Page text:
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For Laurens Goff, eating healthy is a priority lately, so he is stocking up on jerky. No, not Beef Jerky filled with sugar and nitrates. It's Turkey Jerky. And that passes muster with Mr. Goff. "It has a Western throwback feel to it," the New York investor says. "You feel like an urban cowboy when you chew it."
Portraying jerky -- typically beef that is marinated, dried, smoked and then cooked -- as a good-for-you snack seems like more work than it's worth, but some food makers and retailers are giving it a whirl. Across the country, health-food stores are stocking up on so-called healthy jerky, low in fat and nitrates. The Beef Jerky Emporium in Oklahoma City has introduced "nutritional" jerky such as kangaroo or Alligator Jerky (sales of the healthy jerky there have risen nearly 20% in the past year alone). The Beef Jerky Store in Las Vegas is selling a raft of new "health-oriented" jerky such as octopus or Ostrich Jerky, while the Whole Foods Market in Beverly Hills, CA, now carries a soy-based vegy jerky.
It's another side effect of the Atkins and South Beach diets, which have turned Americans into obsessive carbohydrate counters. In Phoenix, retired military officer Debbie Horgan sends Meat Jerky as presents to her carb-phobic friends. "At times it's a challenge to eat another hard-boiled egg," she says.
While dried meat might seem like a source of protein, nutritionists such as Lauren Slayton of Foodtrainers in New York advises customers to read labels carefully, since some jerky may contain corn syrup and sugar. While most have less than three grams of fat and 70 calories per serving, an all-natural, sugar-free jerky has no fat and roughly 35 calories. A jerky made with corn syrup and other additives might have six grams of sugar. Not only that, but healthy jerky is more expensive (as much as $9.50 for a four-ounce bag) than the regular kind ($5.75 for the same size). Beef Jerky, of course, has been around since the cave men, and Native Americans later made Buffalo Jerky by smoking it in their tepees. It wasn't until about 10 years ago that jerky went gourmet, with manufacturers and chefs drying it and marinating it with fancy spices. Prime Grill, a kosher and Atkins-friendly steakhouse in Miami and New York, serves marinated Beef Jerky as an appetizer. Retailers such as House of Jerky in Marietta, CA, are marketing jerky to schools so that kids get protein at lunch. "I'd rather see a child eat a piece of jerky than a candy bar," says Ron Hargett, owner of House of Jerky. Is it edible? "It kind of has the consistency of leather, but that aside it's a good meaty taste," says David Dadekian, a writer and photographer from Providence, RI "The seasonings are key."
Gazette food writer
Mark Garvey of the Beef Jerky Emporium at North park Mall was recently interviewed by the Wall Street Journal regarding the nation's shift to low-carb preferences. The jerky that Garvey sells has traveled with our troops as far as Iraq. Often the soldiers will stop by just before leaving Oklahoma and load up on Deer Beef Jerky, Fish Jerky and other miscellaneous products. And family members are sending many packages of the easy-to-maintain product too.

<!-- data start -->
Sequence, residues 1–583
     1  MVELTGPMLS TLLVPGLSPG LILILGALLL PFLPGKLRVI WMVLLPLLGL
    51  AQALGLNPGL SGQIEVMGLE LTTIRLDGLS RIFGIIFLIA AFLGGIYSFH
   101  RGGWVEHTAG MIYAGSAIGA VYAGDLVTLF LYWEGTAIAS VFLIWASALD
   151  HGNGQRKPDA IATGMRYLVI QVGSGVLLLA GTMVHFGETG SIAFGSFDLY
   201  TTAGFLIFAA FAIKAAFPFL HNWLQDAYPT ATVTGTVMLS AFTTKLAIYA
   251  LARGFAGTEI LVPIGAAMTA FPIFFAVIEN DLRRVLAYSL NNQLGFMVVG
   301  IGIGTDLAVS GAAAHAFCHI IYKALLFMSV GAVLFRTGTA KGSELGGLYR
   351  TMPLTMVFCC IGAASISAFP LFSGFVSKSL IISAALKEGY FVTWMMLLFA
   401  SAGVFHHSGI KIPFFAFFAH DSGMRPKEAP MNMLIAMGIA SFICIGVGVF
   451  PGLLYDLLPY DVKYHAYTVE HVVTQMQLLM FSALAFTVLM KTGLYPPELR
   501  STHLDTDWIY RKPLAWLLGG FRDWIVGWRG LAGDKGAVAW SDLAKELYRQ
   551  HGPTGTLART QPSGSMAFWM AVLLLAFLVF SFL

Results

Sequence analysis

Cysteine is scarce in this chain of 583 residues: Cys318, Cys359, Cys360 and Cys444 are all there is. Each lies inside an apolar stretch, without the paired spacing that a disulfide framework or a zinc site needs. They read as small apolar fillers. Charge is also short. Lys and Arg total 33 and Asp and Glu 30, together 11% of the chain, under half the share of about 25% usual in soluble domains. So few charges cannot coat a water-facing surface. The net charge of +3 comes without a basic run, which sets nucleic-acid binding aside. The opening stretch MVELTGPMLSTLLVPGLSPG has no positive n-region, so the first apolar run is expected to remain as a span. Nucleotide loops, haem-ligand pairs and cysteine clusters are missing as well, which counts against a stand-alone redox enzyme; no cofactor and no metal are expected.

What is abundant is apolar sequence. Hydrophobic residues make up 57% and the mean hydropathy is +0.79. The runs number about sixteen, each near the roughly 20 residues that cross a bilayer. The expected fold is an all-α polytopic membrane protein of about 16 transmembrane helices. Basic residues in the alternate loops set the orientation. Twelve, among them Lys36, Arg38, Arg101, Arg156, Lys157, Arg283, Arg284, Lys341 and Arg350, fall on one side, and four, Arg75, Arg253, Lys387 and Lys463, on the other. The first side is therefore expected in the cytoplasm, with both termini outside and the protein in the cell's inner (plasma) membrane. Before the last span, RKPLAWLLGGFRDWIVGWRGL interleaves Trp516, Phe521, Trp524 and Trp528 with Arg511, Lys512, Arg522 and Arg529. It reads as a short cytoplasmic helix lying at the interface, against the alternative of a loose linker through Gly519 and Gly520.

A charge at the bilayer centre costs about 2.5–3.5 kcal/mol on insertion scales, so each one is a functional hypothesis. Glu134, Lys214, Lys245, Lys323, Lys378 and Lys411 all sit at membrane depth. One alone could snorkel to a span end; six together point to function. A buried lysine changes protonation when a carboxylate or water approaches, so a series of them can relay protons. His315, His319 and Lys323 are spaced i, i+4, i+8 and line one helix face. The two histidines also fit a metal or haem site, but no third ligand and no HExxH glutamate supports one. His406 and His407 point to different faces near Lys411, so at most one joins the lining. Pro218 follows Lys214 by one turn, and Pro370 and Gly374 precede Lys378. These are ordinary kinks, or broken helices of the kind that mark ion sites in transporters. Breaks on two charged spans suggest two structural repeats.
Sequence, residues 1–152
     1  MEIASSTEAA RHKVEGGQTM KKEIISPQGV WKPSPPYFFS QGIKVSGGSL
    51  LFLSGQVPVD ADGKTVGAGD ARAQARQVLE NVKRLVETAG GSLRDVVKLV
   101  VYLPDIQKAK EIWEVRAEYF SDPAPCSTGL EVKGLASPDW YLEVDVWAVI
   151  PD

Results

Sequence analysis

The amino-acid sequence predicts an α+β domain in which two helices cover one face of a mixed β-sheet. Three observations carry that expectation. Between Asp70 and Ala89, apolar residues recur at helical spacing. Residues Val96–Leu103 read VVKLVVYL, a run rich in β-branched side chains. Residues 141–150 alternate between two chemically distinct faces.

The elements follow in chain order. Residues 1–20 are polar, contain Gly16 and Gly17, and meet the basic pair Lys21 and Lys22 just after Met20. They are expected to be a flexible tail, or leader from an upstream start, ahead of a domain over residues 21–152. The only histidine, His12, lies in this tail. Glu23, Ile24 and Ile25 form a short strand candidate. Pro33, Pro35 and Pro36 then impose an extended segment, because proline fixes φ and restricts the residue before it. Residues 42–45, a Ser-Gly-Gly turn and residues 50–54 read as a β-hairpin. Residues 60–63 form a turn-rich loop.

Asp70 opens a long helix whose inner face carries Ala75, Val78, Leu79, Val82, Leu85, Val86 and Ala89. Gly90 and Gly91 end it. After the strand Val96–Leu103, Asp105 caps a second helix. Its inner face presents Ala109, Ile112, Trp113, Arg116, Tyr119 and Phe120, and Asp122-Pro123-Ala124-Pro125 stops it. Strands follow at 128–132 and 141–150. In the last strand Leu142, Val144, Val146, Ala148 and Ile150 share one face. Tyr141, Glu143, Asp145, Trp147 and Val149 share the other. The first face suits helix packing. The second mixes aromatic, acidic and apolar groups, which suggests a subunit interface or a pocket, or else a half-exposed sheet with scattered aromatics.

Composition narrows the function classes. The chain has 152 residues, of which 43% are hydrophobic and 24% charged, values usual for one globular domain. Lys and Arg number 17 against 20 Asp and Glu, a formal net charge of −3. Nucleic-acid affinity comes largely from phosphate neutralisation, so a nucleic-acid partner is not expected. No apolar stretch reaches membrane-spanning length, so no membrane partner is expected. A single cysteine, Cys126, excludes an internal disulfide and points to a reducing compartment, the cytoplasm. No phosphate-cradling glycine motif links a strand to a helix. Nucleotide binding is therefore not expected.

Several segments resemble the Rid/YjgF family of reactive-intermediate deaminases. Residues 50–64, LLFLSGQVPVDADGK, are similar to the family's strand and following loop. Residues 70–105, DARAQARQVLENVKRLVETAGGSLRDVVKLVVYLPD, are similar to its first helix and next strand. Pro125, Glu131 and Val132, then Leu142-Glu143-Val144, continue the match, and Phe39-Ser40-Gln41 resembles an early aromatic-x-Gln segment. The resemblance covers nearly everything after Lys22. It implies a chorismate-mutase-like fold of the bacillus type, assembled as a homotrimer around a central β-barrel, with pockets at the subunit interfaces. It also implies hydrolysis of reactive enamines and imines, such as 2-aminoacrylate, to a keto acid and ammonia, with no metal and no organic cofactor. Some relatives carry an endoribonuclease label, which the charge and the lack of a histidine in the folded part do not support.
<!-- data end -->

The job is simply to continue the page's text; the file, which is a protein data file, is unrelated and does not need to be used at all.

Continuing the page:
The soldiers will often take items out of their luggage to make room for jerky, and Garvey often throws in a bag or two of the Hot And Spicy Beef Jerky and Venison Beef Jerky "on the house" in appreciation for what the men and women are doing for our country.
Garvey said he heard a story just recently about two soldiers stationed in Iraq.
"They were talking about some awesome jerky one had," Garvey said. "When asked where he got it, the soldier replied 'Oklahoma City'. The other soldier said, 'That's where I'm from, too.'"
Just the other day, Garvey was very surprised to receive an order for some Teriyaki Beef Jerky from men serving on the USS Enterprise.
When Mark Garvey opened his
Jerky Emporium in Northpark Mall in October
2001, people told him that the general public was just not interested enough in
buying specialty types of
Jerky to warrant opening such a store. However,
with Garvey about to celebrate the Emporium's second anniversary on October 15,
he has not only proved the nay sayers wrong, but he has also created a unique
retail concept that he is planning to franchise in other states.
The Beef Jerky Emporium began as a side project for Garvey, who was looking for a small business that would offset income from his patio construction company during the off-season winter months. Garvey, an 18-year construction industry veteran, had opened a space in Northpark Mall in 1997 to use as a showroom for his company Patio Creations by Mark.
While he chose to locate his showroom in the mall simply due to its recognizable location, Garvey says that being in a mall environment resulted in his increasing interest in retail.
"I had never been in a retail environment like this before, and it just presented an opportunity to me that some would not have seen," says Garvey. "With my slow season being November and December, I would still come into the office six days a week, and the mall was full of shoppers at Christmas while I was in here twiddling my thumbs."